An “everything store” for fans
The other big draw for the show, and one of the few constants throughout its 50-year history, is the exhibit hall, or, as the old-timers call it, the Dealer’s Room. “The show floor used to be the world’s biggest bookstore. Now it’s an everything store for fans where you can get exposed to all kinds of great new stuff,” says Glanzer.
But that part of the show has also changed dramatically with the growth of the Con. Bob Chapman, owner and head of Graphitti Designs, has been the official source of Comic-Con t-shirts and apparel since 1981. “That relationship started through serendipity,” says Chapman. “I had a booth at the 1980 show selling comics and approached the Con about doing t-shirts, since I had a screen printing business. They were receptive, and that led to us doing a whole lot of other comic-related shirts.”
That turned into a golden business opportunity. By the early 2010s, the hours-long line for t-shirts at the Graphitti booth had become a fire hazard on the show floor and they had to move to a preorder model to reduce congestion. “It’s grown exponentially,” says Chapman. “Sales are staggering. And we’re selling to a broader public now, not just the hardcore fan base.”
Chapman says his arrangement with Comic-Con is to keep retail prices reasonable to allow for a “decent profit margin” but not to gauge fans. “Comic-Con [as a nonprofit] isn’t looking to fleece, pillage and maximize profits. I’m in sync with them on that, and I like dealing with them for that reason,” he says.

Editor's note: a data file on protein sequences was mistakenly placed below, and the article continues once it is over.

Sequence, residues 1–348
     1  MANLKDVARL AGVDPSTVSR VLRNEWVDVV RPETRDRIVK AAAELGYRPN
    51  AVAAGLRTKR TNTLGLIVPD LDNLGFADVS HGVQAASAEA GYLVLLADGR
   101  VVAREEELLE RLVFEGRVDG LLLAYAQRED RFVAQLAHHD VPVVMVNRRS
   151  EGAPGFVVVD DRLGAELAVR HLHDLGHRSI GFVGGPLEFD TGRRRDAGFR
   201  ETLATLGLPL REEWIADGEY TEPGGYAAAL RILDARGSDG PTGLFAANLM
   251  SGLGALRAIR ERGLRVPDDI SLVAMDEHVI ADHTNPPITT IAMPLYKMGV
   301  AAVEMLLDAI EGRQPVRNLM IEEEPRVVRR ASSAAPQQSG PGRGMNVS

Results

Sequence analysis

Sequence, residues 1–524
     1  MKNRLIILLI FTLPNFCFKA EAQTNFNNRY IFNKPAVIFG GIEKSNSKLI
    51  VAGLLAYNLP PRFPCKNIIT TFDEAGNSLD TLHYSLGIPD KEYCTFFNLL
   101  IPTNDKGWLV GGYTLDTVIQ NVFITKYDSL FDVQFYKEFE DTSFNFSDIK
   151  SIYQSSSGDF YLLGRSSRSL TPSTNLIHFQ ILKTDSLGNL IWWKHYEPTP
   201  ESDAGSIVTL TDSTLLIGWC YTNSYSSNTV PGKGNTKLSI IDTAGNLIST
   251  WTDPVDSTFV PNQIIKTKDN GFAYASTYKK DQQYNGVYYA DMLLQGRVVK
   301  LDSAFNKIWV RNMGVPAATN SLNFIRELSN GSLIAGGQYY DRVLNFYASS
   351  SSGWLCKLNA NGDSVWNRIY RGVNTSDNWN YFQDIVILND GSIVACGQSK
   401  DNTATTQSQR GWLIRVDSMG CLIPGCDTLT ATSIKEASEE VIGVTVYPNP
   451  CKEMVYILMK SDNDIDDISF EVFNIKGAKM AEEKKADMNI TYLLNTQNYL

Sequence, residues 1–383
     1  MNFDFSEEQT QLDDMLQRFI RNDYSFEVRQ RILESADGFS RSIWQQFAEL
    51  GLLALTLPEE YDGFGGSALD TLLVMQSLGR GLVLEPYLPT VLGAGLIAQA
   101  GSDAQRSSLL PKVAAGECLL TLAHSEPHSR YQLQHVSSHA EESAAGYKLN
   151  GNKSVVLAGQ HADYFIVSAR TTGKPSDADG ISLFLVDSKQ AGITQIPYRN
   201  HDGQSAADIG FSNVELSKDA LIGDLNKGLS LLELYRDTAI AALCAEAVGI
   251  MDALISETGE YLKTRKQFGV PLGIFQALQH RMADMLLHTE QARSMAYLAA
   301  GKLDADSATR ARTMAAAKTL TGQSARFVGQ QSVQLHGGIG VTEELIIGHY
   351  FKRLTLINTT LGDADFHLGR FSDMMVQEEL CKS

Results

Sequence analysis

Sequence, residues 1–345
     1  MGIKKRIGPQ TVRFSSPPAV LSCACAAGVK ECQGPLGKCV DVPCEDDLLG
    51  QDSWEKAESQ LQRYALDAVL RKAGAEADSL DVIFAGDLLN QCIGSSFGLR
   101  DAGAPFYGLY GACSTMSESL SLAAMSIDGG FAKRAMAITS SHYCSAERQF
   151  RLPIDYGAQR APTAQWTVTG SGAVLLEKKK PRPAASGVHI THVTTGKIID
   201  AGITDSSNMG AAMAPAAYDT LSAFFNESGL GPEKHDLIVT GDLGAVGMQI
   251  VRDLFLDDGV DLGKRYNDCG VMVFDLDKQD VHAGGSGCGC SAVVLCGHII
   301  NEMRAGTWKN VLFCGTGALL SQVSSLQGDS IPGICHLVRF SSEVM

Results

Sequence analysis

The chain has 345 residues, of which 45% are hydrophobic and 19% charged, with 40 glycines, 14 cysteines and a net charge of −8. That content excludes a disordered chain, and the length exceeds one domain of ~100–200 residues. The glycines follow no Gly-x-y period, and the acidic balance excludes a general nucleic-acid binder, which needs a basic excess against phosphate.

But the evolution of Comic-Con from a collectors’ show to an entertainment extravaganza hasn’t benefited everyone. The ranks of comics, art and book dealers has thinned as the costs of setting up at Comic-Con have grown and the audience has diversified.
Bud Plant, one of the first retailers to specialize in comic and genre-based art books, exhibited at the first 48 Comic-Cons. In the early 2000’s, his booth occupied a giant space in the middle of the hall and was a go-to destination for every collector. This year, he is a guest of the convention, but will not have even a table on the show floor.
“I’ll continue to come to the show to do business and be a fan, but the sales just aren’t there anymore to justify the investment,” says Plant. “Sales really started going down in 2008 and we started downsizing. My customers tend to be older, more mature collectors, and they’re not coming to this show as much. Maybe they can’t get tickets, or they’re intimidated by the crowds and all the changes.” Plant also observed that the loading procedures for the show, now scaled up to support the needs of the giant booths of entertainment companies and studios, have become less flexible and dependable for smaller vendors.
Despite all that, Plant says SDCC remains a great shopping destination. “It’s still a primo place for fans and collectors of every interest. It’s just that the bargains are harder to come by, because dealers are paying so much to set up at the show that they can’t afford to bring lower-priced stuff.”
This year SDCC will relive the glories of its past and revel in its current central role in the world of media, entertainment, popular culture and live events. With its future in San Diego secure for the next five year, the question of whether the show can continue to make giant leaps forward as it did in preceding decades by increasing its capacity, or simply continue along with incremental improvements to an already full-to-bursting event, lies with voters in San Diego, who will have a question on the ballot next March about whether to expand the convention center.
This year’s San Diego Comic-Con kicks off with Preview Night on Wednesday, July 17 and continues through Sunday, July 22.